PerkinElmer manufactures and sells liquid crystal tunable filters (LCTFs) for VIS and NIR multispectral and hyperspectral imaging. Pro-Lite supplies advanced hyperspectral, multispectral and infrared imaging systems. Supplier partners include Cubert (real-time, ‘snapshot’ imagers for 355-1000nm), NEO (HySpex ‘push-broom’ hyperspectral line-scan imagers, 400-2500nm) and Photon etc (hyperspectral luminescence & Raman microscopy, IR imagers and tunable filters and sources). 

Resonon provides both complete hyperspectral imaging systems for laboratory, outdoor and airborne remote sensing applications, as well as custom hyperspectral machine vision solutions for total magnification. The hyperspectral cameras have low stray light, low optical distortions and provide high imaging quality. 

SensIR’s range of hyperspectral imaging solutions are designed to deliver high-performance hyperspectral imaging solutions. The company produces OEM modules for VNIR, SWIR and MWIR applications, Raman spectral imagers, and full turnkey solutions for mineral analysis. 

Specim is a global supplier when it comes to hyperspectral imaging. Its products are used by OEM customers in machine vision systems, inspecting food or pharmaceutics production quality, sorting waste, or measuring printed colour accuracy, as well as research labs. They are installed and operated in drones and large-scale remote sensing aeroplanes.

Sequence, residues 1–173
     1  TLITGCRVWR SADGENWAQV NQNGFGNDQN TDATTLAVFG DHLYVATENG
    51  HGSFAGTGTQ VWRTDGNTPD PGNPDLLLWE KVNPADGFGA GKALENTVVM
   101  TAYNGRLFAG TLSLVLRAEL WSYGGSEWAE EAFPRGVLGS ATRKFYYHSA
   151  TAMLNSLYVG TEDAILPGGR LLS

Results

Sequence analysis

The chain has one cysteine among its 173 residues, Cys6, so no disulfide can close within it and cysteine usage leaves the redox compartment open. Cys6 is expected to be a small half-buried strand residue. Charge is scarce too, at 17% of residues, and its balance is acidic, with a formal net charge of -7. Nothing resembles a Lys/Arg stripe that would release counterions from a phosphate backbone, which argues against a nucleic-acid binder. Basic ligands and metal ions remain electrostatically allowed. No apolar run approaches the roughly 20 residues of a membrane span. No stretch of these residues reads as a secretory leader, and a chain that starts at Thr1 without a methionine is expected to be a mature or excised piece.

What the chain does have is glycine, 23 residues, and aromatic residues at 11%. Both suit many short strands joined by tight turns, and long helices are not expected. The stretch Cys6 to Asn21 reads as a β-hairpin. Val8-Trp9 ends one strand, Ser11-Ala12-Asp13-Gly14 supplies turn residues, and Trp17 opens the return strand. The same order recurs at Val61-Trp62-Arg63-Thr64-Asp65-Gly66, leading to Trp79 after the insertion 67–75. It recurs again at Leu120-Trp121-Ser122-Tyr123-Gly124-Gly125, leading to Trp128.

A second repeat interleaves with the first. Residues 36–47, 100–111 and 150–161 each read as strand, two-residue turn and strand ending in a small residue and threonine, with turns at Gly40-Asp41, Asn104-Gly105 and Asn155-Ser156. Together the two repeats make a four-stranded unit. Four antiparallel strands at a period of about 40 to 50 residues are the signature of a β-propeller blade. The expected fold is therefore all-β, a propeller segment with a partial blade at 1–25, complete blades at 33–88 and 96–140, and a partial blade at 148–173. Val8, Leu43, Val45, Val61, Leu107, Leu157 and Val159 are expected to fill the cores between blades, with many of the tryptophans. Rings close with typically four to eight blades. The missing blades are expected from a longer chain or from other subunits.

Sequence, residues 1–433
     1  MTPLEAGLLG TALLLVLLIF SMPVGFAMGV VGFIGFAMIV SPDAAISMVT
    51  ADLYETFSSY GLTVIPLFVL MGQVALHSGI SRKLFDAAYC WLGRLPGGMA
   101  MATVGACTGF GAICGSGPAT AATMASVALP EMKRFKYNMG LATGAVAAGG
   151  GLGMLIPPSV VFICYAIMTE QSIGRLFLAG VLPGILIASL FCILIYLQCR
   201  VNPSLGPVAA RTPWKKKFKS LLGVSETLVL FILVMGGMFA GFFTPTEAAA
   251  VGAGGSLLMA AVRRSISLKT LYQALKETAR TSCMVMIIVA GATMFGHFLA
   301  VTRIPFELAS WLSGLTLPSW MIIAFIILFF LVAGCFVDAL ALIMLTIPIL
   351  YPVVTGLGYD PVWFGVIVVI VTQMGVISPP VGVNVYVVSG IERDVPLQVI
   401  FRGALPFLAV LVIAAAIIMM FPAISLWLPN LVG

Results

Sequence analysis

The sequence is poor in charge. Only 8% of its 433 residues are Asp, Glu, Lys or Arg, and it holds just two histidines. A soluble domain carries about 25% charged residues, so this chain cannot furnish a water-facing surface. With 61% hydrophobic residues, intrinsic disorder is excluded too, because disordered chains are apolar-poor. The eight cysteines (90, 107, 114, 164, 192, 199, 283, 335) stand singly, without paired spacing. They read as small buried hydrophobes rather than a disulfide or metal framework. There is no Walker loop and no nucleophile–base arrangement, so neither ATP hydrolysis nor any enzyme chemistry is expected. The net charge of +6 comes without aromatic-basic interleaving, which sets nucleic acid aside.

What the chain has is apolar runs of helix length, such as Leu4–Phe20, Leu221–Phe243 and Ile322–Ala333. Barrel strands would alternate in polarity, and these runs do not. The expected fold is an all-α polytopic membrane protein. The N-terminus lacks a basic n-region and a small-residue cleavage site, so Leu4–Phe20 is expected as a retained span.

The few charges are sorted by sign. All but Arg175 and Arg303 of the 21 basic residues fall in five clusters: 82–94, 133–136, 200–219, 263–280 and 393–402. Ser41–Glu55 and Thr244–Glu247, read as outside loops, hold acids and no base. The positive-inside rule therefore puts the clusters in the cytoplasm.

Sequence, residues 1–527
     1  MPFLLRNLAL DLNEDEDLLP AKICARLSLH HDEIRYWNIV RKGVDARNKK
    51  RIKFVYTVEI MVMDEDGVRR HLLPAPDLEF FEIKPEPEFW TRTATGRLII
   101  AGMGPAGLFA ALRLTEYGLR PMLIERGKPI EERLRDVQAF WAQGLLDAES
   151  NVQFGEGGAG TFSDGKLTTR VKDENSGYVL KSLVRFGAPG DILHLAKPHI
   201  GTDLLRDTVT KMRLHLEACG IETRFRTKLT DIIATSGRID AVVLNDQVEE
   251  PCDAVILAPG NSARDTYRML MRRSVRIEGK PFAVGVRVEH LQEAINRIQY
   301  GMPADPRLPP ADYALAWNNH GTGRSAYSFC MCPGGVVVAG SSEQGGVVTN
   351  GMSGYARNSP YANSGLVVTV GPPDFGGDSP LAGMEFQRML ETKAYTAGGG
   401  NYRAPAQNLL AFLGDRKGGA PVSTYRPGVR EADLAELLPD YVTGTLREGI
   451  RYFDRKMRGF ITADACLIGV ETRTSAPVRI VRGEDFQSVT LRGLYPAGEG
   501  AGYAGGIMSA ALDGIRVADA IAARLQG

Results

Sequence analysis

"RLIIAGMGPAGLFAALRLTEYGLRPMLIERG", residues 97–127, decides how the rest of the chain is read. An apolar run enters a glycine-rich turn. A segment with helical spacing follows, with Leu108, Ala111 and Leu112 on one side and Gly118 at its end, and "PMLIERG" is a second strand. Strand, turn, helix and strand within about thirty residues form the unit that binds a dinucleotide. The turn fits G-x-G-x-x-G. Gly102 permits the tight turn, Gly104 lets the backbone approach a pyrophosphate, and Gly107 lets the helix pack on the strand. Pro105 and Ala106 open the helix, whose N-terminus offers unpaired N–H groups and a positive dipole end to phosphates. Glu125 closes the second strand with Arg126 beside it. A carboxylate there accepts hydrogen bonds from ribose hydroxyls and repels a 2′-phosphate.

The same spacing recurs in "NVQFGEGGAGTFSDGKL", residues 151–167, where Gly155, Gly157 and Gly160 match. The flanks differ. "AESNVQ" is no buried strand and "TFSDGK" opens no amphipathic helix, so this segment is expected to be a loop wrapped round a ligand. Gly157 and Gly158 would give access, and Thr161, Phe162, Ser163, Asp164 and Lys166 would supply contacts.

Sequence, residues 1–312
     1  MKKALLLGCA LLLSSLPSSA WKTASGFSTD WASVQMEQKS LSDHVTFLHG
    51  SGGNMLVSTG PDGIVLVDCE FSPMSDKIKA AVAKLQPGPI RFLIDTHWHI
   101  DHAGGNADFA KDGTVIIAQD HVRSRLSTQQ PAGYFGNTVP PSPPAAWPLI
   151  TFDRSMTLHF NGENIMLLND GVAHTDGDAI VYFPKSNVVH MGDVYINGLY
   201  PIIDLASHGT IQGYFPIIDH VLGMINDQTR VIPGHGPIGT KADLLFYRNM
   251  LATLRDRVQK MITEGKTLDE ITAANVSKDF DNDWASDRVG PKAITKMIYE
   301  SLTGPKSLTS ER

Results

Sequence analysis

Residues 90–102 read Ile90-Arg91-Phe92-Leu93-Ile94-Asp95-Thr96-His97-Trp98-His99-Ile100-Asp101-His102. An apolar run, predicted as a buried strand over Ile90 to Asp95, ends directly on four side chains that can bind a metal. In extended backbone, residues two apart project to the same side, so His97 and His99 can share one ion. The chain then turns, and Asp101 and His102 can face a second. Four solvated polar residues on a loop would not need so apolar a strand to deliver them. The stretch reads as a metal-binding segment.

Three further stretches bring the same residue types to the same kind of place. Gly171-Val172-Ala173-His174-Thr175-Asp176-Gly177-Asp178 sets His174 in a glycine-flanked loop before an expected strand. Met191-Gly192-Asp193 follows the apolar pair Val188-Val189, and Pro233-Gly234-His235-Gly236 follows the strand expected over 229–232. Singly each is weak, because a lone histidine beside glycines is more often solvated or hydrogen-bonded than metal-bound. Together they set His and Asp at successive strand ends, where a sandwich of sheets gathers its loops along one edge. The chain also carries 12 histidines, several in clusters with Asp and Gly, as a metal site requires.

The Stuttgart Instruments Alpha system is a modular, wavelength-tunable laser covering the 700nm to 20µm spectral range. It provides ultrafast pulses at MHz repetition rates and milliwatt- to watt-level power. Due to its passive long-term stability, performance at the shot-noise limit and broad spectral range, it is ideally suited for sensitive IR applications. The Alpha system can be optimised, depending on the application. Its basic version is tunable from 1.35 to 4.5µm, but can be upgraded to higher power, to the VIS (700-980 nm), the NIR (1.1-1.4 µm) and the MIR range (4.5-20µm). Each module is field upgradable, and the entire system is fully automated and controlled via a user-friendly GUI. 

Surface Optics Corporation (SOC) is well known in the design and manufacture of hyperspectral and multispectral imagers, operating from the ultraviolet through infrared spectral regions. SOC’s patented real time imagers provide the ability to perform matched filtering and designation of a number of in-scene targets as a scene is imaged. Its imagersare used by the military and aerospace industry, universities, research laboratories, and commercial entities. Telops is a supplier of high-performance scientific IR cameras and hyperspectral imagers for the defence, industrial, and academic research industries. The company also offers R&D services for optical system technology development. 

This is not an exhaustive list. If you provide products or solutions for hyperspectral imaging and would like to be included, please let us know at editor.electro@europascience.com 

3D printed Fresnel lens combining diffractive elements with refractive surfaces. Credit: Nanoscribe

29 June 2022